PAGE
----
To Worry or Not to Worry: A Psychological Black Hole

I’m sure you have experienced being thoroughly exhausted after a day of concentrating hard on some project or task. It seems that we do have a limited amount of energy to expend in the course of a day. Stress is a particularly high energy user given that we are in a heightened state, preparing to deal with real or perceived threats.

One of the most obvious and often talked about ways of reducing energy loss is to distinguish between what is worth worrying about and what is not. We’ve all heard aphorisms such as,

‘When you are riding a dead horse, it is time to dismount’, and

‘Don’t sweat the small stuff’. There’s even a book by the same name.

Despite being thrown around like confetti, I find in my lifestyle and management coaching sessions that the tendency to worry about stuff that we cannot do anything about is still alive and well. It seems that our emotional centre takes over and reasoning goes out the window and we expend enormous amounts of time and energy in what can best be described as a psychological black hole. In short, it is common for people to worry about things that they cannot change. What a waste of time and effort.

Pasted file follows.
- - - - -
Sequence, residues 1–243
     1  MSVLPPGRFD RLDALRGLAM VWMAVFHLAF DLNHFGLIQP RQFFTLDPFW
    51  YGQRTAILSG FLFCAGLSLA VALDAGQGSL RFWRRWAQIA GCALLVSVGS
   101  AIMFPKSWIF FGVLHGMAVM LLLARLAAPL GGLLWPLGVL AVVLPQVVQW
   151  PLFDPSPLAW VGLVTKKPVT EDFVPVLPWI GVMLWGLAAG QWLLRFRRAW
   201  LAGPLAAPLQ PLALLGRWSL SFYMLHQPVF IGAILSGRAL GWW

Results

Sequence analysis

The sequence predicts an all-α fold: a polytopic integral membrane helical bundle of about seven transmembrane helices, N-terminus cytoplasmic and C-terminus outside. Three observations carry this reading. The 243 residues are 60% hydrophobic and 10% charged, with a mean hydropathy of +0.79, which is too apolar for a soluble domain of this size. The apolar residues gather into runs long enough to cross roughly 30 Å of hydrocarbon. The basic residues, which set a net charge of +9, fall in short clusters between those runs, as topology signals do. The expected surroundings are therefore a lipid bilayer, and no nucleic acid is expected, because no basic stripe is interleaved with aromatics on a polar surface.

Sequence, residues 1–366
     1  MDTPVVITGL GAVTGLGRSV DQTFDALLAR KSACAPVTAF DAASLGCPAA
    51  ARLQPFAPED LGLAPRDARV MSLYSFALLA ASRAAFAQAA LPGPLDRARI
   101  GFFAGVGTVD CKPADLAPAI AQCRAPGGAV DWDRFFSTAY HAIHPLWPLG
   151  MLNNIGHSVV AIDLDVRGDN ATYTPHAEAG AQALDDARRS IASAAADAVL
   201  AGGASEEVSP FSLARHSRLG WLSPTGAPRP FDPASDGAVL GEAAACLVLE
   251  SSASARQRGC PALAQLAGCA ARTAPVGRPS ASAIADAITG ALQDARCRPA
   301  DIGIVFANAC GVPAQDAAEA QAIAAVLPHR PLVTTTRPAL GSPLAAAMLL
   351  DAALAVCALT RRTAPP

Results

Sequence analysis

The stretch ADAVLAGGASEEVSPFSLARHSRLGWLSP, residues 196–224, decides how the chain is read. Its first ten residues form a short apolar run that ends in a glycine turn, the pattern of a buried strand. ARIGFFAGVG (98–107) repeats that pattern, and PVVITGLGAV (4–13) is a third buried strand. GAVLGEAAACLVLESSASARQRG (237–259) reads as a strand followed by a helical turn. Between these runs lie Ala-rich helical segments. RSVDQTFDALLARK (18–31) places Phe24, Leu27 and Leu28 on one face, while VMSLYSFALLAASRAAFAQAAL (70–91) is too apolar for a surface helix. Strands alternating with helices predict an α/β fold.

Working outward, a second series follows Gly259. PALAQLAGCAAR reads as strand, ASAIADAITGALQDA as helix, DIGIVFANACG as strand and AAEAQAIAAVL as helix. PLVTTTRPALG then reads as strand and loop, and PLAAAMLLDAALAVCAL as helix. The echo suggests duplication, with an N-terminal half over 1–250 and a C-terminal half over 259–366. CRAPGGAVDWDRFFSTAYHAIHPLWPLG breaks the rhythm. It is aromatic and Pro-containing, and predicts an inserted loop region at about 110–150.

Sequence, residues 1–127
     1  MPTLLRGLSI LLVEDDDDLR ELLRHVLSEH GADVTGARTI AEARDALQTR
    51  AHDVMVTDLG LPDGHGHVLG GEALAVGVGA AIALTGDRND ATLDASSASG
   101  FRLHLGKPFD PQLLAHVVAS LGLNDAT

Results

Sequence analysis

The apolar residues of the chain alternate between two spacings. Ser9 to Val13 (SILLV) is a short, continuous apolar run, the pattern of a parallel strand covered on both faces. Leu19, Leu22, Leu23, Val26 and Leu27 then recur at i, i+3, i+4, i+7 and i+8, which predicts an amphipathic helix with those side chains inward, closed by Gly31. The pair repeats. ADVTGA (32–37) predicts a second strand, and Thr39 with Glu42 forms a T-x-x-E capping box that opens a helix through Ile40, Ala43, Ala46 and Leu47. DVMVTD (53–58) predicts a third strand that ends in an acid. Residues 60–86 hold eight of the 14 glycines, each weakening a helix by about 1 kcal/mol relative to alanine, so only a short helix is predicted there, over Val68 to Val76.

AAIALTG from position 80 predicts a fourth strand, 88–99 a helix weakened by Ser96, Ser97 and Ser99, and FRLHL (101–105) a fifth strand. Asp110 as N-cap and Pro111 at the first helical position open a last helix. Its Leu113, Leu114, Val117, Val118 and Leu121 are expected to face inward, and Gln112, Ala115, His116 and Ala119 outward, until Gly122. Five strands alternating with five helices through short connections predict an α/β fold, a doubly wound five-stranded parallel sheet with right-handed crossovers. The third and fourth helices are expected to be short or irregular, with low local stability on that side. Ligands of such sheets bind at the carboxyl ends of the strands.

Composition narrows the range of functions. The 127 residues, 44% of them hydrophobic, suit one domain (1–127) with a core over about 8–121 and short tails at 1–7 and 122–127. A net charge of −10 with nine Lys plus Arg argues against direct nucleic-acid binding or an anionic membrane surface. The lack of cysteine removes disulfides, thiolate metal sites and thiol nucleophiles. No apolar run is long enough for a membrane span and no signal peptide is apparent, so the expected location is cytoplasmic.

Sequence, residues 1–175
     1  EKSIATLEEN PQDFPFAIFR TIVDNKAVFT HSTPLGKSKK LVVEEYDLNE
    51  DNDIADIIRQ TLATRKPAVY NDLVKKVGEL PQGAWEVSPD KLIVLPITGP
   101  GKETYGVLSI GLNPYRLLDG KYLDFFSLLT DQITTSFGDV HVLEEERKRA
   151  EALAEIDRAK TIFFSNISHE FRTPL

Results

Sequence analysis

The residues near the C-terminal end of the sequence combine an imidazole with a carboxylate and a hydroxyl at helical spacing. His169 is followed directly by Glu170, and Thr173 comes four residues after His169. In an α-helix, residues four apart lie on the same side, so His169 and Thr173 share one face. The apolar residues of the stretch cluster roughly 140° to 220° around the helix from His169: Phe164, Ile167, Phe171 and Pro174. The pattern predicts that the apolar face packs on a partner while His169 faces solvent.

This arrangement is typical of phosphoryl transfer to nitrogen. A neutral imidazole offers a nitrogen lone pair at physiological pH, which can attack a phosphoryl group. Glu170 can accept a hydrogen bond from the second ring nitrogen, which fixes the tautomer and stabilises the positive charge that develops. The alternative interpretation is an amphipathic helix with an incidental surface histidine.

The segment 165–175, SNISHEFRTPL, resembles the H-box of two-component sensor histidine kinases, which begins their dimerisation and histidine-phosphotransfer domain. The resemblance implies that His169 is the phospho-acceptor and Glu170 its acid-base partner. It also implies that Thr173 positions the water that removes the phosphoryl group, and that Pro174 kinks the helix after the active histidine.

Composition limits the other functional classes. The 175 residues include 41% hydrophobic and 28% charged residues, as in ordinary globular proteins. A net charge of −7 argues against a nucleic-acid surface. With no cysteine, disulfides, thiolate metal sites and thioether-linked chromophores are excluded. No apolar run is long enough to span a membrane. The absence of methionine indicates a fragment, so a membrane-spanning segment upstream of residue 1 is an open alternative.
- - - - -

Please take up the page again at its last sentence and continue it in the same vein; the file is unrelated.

The other side of the coin involves not worrying about things on which we should be spending our energy. Perhaps we have a job for which we are totally unsuited, someone is bullying us and making our life a misery, our relationship is in trouble, my child is not behaving well, my addiction is making me unhealthy, there are changes ahead that I am avoiding: it can be a long list. But these are very important, big picture items and they need our attention. But it is just too hard.

Interestingly, we have a bunch of psychological mechanisms that prevent us becoming anxious in the face of a psychological threat. These mechanisms are trying to be help us by reducing anxiety but, often, they enable us to sweep things under the carpet until they fester and turn into a nasty fungus that becomes untreatable.

Mindfulness, awareness, helps us recognise (by thinking about it) that we are in fact worrying about something you have no control about, and then decide to put it out of your mind or take action. There is a technique known as self-talk that is useful in challenging unwanted fears.

Mindfulness also makes us aware that there is something we should take action about but are denying or rationalising in some way (avoiding). Even though it might be painful to begin with, it is important to take action, to be courageous. I’ve known people who have preferred to live in misery or at least live in unsatisfactory circumstances for years and, later, regret that they didn’t do the right thing earlier. Life is short.